Felice Pesach!

I couldn't wait. I started without you. Sorry.

I couldn't wait. I started without you. Sorry.

It shouldn’t surprise you that I define holidays by the anticipated food, not unlike the way a teenager weighs where to spend Saturday night based on which friends they expect to see at which party. (“Omigod, Heather will TOTALLY be there!”)

The difference is that I divide holiday food into two categories. Category One: holiday food that I love. Category Two: holiday food that I tolerate due to nostalgia. At no time are these two categories more distinct than during Passover, the Jewish holiday that celebrates the Jews’ escape from slavery in ancient Egypt.

Here’s the deal: Passover food is a challenge game. Make anything you want, just make sure there’s nothing leavened. If you’re really strict (and I’m not), anything that is allowed to bake too long and puff up too much – even if it does not contain yeast, baking powder, or baking soda – will leave you out of compliance with the rules. The Rabbis who supervise the official baking of Passover matzo will force the bakers to discard a batch if it stays in the oven too long.

Flour? Sorry, no. The various Passover flours are versions of ground matzo. Some smell like wet paper when used in a recipe, also a challenge.

Some folks may find this sacrilege, but to me matzo is like Christmas. It should only happen once a year. I love them both, but any more than an annual visit and you wouldn’t appreciate them. The novelty is in the nostalgia value. I was probably 10 years old the last time I ate my Grandmother’s Passover Potato Kugel, and I can still taste its greasy, salty, goodness. But I’m a realist: I know that if I ate her Potato Kugel now, the word “agita” would get a sweaty workout. (My Nana was many things, but good cook was not one of them. I don’t remember her ever baking anything, but she did open a mean box of cookies.) (Sorry Nana.)

You get the point. Speaking solely for me, the main appeal of Passover food is its once-a-year novelty. The frustration is that those of us who enjoy baking and cooking and are spoiled by the fresh simplicity of the great stuff we make all through the year have a tough time eating macaroons from can. Or worse.

I think the answer can be found in a sort of a recipe for Passover recipes. The ingredients are big flavors, lots of texture, minimize the ground matzo, and find stuff that you would gladly eat and serve to anyone at any time of the year.

A while ago I remember seeing a cake baked on TV that was rustic and what I imagined to be typical of what you’d find if you’d been invited to dinner at a farm in cooler Northern Italy. It was a hazelnut cake that contained mostly ground nuts, sugar, and egg whites. That seemed like a good place to start. (I think with food it is always hard to goof if you start with Italian.)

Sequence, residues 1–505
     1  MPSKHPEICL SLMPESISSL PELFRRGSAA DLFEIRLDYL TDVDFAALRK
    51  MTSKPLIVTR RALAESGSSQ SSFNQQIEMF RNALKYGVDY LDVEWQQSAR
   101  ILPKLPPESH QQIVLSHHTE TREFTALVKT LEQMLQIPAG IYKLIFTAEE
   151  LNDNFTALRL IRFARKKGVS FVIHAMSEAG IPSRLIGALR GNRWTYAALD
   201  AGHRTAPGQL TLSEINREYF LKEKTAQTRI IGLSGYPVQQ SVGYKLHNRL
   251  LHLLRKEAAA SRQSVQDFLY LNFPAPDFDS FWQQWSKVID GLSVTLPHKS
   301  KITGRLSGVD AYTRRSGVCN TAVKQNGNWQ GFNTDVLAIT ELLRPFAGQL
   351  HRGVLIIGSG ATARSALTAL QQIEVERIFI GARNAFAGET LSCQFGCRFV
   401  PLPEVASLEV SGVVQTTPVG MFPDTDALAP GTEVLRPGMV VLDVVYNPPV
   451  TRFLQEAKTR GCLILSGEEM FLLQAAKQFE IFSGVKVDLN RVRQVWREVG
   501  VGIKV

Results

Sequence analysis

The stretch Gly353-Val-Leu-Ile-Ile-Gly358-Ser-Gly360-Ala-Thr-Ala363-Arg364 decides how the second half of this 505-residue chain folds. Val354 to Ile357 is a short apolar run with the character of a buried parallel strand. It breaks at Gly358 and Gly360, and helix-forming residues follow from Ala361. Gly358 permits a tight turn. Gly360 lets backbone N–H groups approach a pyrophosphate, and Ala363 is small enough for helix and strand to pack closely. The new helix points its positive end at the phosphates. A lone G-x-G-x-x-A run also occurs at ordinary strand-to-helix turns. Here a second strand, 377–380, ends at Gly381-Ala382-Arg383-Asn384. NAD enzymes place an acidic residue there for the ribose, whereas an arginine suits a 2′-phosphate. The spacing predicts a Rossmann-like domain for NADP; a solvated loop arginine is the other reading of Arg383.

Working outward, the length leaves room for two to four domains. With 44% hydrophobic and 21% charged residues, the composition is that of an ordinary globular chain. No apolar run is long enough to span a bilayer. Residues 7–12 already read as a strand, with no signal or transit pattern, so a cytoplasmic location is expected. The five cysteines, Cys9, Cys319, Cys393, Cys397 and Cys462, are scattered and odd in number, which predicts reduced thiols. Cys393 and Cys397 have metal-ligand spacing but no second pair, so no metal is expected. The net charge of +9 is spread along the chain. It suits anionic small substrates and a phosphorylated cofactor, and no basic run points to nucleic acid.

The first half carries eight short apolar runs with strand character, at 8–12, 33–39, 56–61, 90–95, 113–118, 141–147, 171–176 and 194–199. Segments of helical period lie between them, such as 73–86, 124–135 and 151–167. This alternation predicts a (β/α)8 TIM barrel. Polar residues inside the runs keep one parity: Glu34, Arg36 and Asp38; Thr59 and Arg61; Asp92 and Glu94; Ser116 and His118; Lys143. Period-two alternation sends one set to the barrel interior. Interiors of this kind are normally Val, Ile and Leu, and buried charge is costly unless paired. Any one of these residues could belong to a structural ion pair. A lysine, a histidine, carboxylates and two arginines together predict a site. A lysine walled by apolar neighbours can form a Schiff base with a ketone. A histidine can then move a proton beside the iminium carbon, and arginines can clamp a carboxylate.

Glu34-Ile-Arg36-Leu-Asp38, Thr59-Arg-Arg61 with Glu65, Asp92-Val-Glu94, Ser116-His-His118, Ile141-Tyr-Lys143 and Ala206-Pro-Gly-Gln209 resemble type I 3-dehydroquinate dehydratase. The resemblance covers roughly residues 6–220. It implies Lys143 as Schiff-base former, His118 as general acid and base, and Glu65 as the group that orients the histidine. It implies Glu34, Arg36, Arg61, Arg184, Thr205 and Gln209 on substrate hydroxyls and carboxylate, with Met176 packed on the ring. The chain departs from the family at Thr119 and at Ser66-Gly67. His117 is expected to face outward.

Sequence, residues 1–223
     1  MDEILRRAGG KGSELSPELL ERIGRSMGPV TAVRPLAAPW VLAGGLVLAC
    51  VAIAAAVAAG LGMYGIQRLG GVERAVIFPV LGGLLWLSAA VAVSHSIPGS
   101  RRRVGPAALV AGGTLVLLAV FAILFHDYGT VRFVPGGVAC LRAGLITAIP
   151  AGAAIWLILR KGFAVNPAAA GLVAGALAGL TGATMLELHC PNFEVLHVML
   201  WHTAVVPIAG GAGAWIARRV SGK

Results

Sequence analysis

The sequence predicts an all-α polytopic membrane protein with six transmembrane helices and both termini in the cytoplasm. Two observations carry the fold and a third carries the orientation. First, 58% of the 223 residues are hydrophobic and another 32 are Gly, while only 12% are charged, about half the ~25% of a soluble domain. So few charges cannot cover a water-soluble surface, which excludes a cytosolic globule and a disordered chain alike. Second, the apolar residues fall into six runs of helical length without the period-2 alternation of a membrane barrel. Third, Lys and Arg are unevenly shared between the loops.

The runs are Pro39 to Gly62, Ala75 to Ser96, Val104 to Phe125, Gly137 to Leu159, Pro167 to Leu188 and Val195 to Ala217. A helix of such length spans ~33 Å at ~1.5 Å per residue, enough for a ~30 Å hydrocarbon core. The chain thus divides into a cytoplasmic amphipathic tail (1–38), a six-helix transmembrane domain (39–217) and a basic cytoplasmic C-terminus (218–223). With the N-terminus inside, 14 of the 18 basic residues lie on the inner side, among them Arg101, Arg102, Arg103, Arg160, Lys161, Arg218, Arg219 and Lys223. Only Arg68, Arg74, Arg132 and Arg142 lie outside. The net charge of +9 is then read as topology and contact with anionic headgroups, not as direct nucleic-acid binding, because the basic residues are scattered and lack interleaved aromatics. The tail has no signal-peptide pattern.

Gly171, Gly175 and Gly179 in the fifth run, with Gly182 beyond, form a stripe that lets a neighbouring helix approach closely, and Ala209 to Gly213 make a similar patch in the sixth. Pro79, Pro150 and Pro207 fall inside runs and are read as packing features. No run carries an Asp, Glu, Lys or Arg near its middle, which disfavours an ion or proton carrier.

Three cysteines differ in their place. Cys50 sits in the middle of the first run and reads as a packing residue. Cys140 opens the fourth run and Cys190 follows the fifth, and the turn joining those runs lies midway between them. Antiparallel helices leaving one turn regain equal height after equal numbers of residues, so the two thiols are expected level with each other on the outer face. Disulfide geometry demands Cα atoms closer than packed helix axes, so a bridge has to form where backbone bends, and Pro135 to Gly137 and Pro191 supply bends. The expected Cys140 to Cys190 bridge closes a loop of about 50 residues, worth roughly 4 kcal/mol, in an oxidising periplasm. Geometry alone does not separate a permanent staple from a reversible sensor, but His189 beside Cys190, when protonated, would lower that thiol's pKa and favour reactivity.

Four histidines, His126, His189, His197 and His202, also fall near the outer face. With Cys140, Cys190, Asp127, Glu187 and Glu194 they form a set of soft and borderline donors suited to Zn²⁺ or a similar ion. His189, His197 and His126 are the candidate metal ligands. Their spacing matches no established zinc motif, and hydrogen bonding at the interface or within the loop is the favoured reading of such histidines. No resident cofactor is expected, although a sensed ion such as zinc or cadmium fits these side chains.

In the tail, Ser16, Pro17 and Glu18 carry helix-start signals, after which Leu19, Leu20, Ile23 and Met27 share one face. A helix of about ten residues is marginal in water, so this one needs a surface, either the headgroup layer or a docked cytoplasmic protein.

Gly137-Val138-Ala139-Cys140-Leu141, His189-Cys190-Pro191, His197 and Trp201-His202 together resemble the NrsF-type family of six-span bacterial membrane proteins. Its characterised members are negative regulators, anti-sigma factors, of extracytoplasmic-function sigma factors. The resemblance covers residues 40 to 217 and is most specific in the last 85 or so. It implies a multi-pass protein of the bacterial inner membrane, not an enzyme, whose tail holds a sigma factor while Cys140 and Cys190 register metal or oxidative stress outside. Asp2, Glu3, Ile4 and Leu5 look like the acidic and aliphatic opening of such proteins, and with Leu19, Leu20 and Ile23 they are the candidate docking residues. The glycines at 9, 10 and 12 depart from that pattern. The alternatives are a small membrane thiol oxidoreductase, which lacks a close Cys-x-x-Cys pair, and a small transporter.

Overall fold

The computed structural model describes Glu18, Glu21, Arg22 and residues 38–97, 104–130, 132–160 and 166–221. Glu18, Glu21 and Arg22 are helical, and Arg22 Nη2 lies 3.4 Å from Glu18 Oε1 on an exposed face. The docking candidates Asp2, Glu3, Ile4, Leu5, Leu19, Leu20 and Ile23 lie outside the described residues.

I googled “Piedmont Nut Cake” and found “Torta di Nocciola,” which is indeed a traditional cake from that alpine region. A little tinkering would be needed to suit my needs. Well, one big tinker: I needed to find an elegant way to include a generous dose of chocolate with the cake. My sister-in-law is hosting our family Seder this year. If I arrive without chocolate in hand I will be turned away at the door. Naturally I am happy to comply with this requirement.

The basic recipe isn’t that far from Angel Food Cake. Whipped egg whites supply the loft; the only fat is whatever is in the ground nuts. Usually when you want to add chocolate to Angel Food cake you fold in ground chocolate as cocoa powder requires a lot of mixing which could deflate the egg whites. Why not apply the same principal to my Piedmontese Passover cake?

One stumble on the way to the altar: I couldn’t find hazelnuts anywhere. Channeling my inner Alice Waters, I grabbed what was fresh and available: whole raw almonds. (Use nuts with the brown skin still on. They’ll dot the cake with their earthy flecks.)

The resulting cake has a large-crumbed dampness that is usually missing in Passover cake. The egg whites reveal themselves in the cake’s snappy crust. The cake feels light, but beware its deceptive richness. The chocolate and the almonds skip hand in hand; a well-known match made in heaven. The almonds were actually a better choice in this version of the cake. The gods of baking were obviously smiling on me when they forced me to substitute almonds for hazelnuts.

All that was left was to test the cake on some unsuspecting victims to prove that it could be more than just a Passover dessert.

A tiny group of us met for dinner a few nights ago. I arrived, Piedmontese cake in hand, with visions of the old “We’ve replaced their gourmet brewed coffee with Folgers’s Instant Coffee” TV commercial dancing in my head. Fortunately our host was making pasta. As dessert rolled around I tried to act casual but failed. Yes, they loved the cake, but there was no equivalent of the “This is instant coffee? Really??” moment from the old commercial. I kept saying, “It’s a Passover cake!” They kept eating. Couldn’t have cared less.

Oh well, you take success where you can get it.


Click here for my recipe for Torta di Mandorla per La Pasqua (Passover Almond Tort)


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2 Responses to “Felice Pesach!”

  • M.M.:

    Having had the pleasure of this dessert,after a delicious pasta meal recently,I would suggest all interested in a flavorful, wonderfully textured taste treat sensation get the required ingredients and start baking!

  • admin:

    Michael replied:

    You are too kind. I’m glad you enjoyed the cake!

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